Early last month, The Art of Banksy made its world debut, launching at Global Karaköy, a brand new art space located in the heart of Istanbul’s trendy port district. The exhibition brings together a £20-million retrospective of the enigmatic graffiti-artist’s body of work, sourced from the private collection of former colleague and de facto agent, Steve Lazarides.
Lazarides, a London-based gallery owner who originally promoted and produced screen prints for the artist, has continued to commercialize Banksy’s public installations despite the breakdown of their personal and professional relationship. The unauthorized nature of the exhibition has, rightfully, ruffled feathers of fans and art-enthusiasts. But with Banksy’s outdoor installations now frequently targeted by collectors and vandals alike (his Steve Jobs mural in the Calais “Jungle” was recently defaced), this 80-piece tribute production offers a rare opportunity to view original, signed displays of his work.
The showcase at Global Karaköy includes images, video installations and sculptures from a number of Banksy shows, and features many of the satirical artist’s most well-known pieces—from the characteristically irreverent Monkey Queen, to the ever-relevant Bomb Hugger, Flower Thrower and Napalm, and of course, the Girl with a Red Balloon.
A stroll through the exhibit’s dimly lit corridors (meant to simulate the streets of London) is sure to garner new favorites: keep an eye out for a portrait of three sinewy men on the hunt for shopping carts in a wild brush (aptly titled Trolley Hunters); an officer rifling through the straw basket of a defiant, fist-clenching Dorothy, as poor Toto looks on helplessly (Stop & Search); two London police officers locked unabashedly in a passionate embrace (Kissing Coppers); and a handful of colorful £10 banknotes printed with a nostalgia-inducing image of Princess Diana smiling wryly at a private joke (Di Faced Tenner).
To Go or Not To Go?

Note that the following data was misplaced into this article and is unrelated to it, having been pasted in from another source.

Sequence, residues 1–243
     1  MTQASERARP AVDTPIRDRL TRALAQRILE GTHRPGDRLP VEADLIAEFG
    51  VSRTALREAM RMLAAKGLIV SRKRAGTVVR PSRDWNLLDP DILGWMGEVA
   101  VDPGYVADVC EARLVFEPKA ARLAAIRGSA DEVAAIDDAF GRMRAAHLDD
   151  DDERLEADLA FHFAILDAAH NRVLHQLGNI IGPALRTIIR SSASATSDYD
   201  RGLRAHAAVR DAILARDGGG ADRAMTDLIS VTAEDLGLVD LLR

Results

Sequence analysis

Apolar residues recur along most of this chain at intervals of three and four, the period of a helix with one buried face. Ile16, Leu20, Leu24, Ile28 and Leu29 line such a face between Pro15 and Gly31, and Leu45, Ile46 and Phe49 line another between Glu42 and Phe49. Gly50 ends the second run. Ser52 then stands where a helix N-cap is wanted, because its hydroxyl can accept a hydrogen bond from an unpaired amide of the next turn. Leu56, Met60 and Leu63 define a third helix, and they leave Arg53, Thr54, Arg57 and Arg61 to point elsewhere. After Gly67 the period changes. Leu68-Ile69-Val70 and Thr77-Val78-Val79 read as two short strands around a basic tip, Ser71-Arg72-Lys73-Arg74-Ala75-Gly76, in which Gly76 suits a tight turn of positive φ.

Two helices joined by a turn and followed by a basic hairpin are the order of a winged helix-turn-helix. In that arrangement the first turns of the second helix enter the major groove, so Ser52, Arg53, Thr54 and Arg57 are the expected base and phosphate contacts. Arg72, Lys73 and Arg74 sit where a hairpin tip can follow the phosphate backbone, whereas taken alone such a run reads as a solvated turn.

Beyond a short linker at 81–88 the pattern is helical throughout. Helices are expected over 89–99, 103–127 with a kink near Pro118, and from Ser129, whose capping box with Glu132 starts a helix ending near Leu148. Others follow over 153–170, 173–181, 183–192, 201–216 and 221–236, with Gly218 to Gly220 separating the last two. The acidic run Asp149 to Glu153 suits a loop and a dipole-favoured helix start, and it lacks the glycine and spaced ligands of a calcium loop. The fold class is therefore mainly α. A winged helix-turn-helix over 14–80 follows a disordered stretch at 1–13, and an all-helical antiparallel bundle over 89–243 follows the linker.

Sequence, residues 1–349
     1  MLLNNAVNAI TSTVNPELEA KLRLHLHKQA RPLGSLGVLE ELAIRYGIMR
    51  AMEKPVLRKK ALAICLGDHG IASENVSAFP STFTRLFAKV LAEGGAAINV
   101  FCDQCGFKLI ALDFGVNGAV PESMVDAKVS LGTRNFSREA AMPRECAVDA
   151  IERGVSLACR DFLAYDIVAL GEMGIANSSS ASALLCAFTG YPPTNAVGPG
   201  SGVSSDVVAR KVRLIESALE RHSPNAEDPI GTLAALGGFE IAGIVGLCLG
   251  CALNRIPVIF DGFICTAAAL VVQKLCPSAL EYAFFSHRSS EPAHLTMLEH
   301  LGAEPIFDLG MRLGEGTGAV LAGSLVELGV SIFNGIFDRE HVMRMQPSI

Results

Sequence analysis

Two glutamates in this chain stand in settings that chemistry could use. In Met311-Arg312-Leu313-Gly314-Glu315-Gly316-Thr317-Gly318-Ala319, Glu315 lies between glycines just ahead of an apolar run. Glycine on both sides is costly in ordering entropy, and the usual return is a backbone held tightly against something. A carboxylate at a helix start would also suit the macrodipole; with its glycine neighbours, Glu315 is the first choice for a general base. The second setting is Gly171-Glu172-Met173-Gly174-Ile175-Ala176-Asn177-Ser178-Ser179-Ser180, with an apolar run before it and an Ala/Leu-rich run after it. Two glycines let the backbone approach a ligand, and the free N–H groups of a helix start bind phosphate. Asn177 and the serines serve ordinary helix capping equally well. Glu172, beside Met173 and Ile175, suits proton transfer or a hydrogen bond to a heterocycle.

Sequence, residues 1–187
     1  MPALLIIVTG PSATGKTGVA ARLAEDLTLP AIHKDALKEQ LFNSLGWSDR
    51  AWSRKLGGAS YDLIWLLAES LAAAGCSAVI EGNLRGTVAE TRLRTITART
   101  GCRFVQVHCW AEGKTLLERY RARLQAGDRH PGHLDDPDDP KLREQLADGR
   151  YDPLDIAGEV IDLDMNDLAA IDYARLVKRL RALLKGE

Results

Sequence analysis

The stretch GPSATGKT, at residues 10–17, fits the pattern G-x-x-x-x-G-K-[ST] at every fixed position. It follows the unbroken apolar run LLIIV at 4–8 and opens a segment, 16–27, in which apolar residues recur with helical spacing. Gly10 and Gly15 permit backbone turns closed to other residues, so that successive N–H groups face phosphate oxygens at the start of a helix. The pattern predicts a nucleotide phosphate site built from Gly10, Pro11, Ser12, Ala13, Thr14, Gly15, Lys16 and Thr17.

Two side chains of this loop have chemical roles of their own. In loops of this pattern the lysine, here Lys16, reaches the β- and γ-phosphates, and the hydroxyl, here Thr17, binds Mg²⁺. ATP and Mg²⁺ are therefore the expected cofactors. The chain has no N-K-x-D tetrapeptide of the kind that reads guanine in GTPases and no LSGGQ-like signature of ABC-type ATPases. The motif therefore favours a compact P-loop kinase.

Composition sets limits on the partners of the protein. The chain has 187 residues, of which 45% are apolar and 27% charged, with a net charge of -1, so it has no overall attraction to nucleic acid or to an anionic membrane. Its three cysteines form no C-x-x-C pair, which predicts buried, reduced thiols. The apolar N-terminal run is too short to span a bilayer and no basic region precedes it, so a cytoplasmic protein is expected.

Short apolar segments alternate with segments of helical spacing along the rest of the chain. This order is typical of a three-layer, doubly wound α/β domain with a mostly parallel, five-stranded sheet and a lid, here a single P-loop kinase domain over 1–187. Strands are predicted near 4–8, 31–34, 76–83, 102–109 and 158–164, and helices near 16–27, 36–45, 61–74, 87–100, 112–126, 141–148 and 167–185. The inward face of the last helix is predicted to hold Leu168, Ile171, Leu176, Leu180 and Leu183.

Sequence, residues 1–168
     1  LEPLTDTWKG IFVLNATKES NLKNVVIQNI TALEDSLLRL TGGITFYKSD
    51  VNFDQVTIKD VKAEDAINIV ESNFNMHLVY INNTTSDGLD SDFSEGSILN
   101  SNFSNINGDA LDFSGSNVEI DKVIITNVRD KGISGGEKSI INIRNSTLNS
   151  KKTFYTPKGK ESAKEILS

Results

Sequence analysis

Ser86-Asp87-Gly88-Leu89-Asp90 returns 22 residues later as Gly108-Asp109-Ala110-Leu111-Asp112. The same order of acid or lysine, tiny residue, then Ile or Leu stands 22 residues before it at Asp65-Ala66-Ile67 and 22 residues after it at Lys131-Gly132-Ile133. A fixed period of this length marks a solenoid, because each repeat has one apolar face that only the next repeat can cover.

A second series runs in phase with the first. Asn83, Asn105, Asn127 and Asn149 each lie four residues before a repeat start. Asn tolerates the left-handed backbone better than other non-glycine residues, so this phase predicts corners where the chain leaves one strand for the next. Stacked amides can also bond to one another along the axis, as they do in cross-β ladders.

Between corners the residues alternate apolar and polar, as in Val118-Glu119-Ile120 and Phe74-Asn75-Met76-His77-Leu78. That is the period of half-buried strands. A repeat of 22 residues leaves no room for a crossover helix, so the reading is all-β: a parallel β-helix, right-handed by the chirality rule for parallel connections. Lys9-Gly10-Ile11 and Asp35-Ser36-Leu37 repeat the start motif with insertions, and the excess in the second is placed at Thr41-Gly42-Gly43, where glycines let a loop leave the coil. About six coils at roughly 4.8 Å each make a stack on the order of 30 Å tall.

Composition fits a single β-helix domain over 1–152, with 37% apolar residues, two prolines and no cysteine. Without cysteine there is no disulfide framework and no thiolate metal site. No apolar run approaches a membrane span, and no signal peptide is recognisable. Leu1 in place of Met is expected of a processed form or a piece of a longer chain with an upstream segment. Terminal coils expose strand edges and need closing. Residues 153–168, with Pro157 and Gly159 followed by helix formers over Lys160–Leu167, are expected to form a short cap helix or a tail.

Criticism of Banksy has been prolific—one columnist even went so far as to call his work “pseudo subversive” and “downright embarrassing”—but, in a world where the value of a creative endeavor is all too often correlated with its level of fringy-ness (snooty book club, anyone? Are you there, obscure underground music/noise?), Banksy’s digestible, accessible and often cheeky portfolio is a welcome pretentiousness reprieve for the Justin Bieber-lover in us all.
A small portion of proceeds from The Art of Banksy will go to charities that support refugees and the visually impaired.
Although his true identity remains a mystery, Banksy is quite arguably the world’s most well-known and celebrated graffiti artist. Believed to hail from the southwestern English town of Bristol, his work can be traced back to the early 90s graffiti “gang” known as the DryBredZ Crew. Around the turn of the century, Banksy came crashing onto the London art scene with the launch of his breakthrough solo exhibition, Turf War. Since then, he’s become a pop-art fixture, staging shows in New York and Los Angeles, with his signature stencil-based tags appearing everywhere from France to the Palestinian West Bank (though notably not in Istanbul). More than just a man armed with a can of paint, Banksy’s name has become synonymous with political activism and sharp social commentary, and his foray into filmmaking even garnered the artist an Oscar nomination for Best Documentary. High-resolution images of the artist’s work can be found on his official website, Banksy.co.uk.
The Art of Banksy is on display until February 29 at Global Karaköy (Kemankeş Caddesi, No: 51, Karaköy), open daily from 10:00am-8:00pm.
Tickets: 40 TL regular, 32 TL student (available at the gallery or online at Biletix.com)
*If at all possible, steer clear of the “graffitied” toilets; but unfortunately, all visitors will have no choice but to exit through the (cringe) gift shop.
All images courtesy of Sally Khalil.
Kemankeş Karamustafa Paşa, Rıhtım Cd. No:51 – Karaköy 34425